BALTIMORE — Dawn Shepherd has a tough time recalling much from the beginning of her scary and painful medical journey that started in 2019.
"I was so sick. I didn't realize how sick I was," she said. "I knew I was in bad shape but I didn't realize I was near death."
Shepherd was going in and out of emergency rooms with various aches and pains in places like her back, ribs and abdomen. The pain was so intense at times, she has trouble remembering everything and relies on her husband Mickey Shepherd to fill in the gaps.
"We probably went to five to six doctors," said Mickey. "The fact is they just missed it, didn't quite see it until her arm broke in half."
That broken arm, which turned out to be a hole in Shepherd's bone, led her to Dr. Matthew Wallace, an orthopedic oncologist at MedStar Franklin Square Medical Center.
"She just looked absolutely miserable. She was lapsing in and out of consciousness, very uncomfortable, just very very miserable," he said. "By the preliminary blood work by the end of the day, we diagnosed her with multiple myeloma."
Dr. Wallace said myeloma is cancer of the plasma cells in the bone marrow. It can cause a number of problems including holes in bones, destructive lesions, and fractures.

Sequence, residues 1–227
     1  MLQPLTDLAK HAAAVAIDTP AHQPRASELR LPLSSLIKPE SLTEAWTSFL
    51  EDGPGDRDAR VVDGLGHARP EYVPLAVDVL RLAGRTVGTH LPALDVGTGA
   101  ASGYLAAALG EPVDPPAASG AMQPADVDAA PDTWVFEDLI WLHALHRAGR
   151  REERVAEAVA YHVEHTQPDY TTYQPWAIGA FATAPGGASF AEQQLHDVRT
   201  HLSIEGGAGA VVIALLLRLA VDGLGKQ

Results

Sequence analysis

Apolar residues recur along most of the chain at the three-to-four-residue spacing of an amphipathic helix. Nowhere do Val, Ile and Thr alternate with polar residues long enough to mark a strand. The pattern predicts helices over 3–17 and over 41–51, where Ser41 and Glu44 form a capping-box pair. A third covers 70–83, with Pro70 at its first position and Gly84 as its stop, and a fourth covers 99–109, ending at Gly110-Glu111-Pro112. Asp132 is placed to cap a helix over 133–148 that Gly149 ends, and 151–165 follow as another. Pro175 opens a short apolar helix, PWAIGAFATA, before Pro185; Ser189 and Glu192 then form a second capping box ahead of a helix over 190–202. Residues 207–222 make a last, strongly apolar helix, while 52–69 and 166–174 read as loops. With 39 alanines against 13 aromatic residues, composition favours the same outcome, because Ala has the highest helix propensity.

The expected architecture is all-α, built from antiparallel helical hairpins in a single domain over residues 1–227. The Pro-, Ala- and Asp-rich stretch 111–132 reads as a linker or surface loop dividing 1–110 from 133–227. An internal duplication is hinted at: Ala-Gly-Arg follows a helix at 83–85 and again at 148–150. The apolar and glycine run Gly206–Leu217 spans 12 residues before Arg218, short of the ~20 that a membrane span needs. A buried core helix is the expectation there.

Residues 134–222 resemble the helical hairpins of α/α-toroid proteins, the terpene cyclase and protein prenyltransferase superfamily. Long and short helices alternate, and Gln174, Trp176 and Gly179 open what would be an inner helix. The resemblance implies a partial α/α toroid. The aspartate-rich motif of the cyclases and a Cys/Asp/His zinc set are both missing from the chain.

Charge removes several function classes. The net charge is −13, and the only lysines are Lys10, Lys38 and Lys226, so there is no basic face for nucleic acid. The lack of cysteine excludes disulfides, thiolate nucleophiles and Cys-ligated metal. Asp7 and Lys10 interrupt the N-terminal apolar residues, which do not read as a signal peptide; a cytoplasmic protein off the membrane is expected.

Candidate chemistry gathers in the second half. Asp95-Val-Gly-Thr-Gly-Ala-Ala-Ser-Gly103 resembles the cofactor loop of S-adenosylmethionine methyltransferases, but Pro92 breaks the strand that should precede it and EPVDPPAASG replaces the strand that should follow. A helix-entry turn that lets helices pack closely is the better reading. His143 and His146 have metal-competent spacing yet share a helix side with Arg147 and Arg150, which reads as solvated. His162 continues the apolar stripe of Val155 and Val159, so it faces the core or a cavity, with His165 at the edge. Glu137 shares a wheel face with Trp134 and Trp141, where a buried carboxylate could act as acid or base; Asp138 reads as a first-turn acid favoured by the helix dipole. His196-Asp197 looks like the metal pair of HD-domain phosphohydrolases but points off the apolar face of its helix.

"When you have that much bone destruction, it really puts a lot of stress on other organs," said Dr. Wallace. "By the time she was admitted, her kidneys were in shut down mode, her calcium levels were twice the normal range and that tends to cause things like heart arrhythmia, coma, mental status changes and a lot of abdominal distress."
A team of MedStar Health doctors started treating Shepherd right away. She was critically anemic, which would normally require a blood transfusion to make treatments like chemotherapy and surgeries safer and more effective. But a blood transfusion wasn't an option for Shepherd.
"We had a lot of confidence in the team. We realized it was complicated by the fact that we are Jehovah's Witnesses and won't accept a blood transfusion," said Mickey Shepherd. "But fortunately MedStar [Health] is very progressive."
"Part of what we do, at least as a multi-disciplinary team, is what we call shared-decision making with the patient," said Dr. Wallace. "What are our patients willing to tolerate, what are they going to agree to or not agree to and work within those parameters."
Dr. Wallace was able to fix Shepherd's arm without a blood transfusion and she slowly began to get better. She is getting a round of radiation to address newly-discovered lesions.
There are many lines of treatment for multiple myeloma and Dr. Wallace believes Shepherd has a good prognosis.
"While most patients will have to live with this to some degree, like a chronic disease, it something that has very good long-term survivorship these days," he said.
Shepherd knows she'll have to deal with myeloma for the rest of her life but she has a support system both at home and at MedStar Health to get her through it.
"The MedStar system and what they've provided for me, I can't say enough," she said.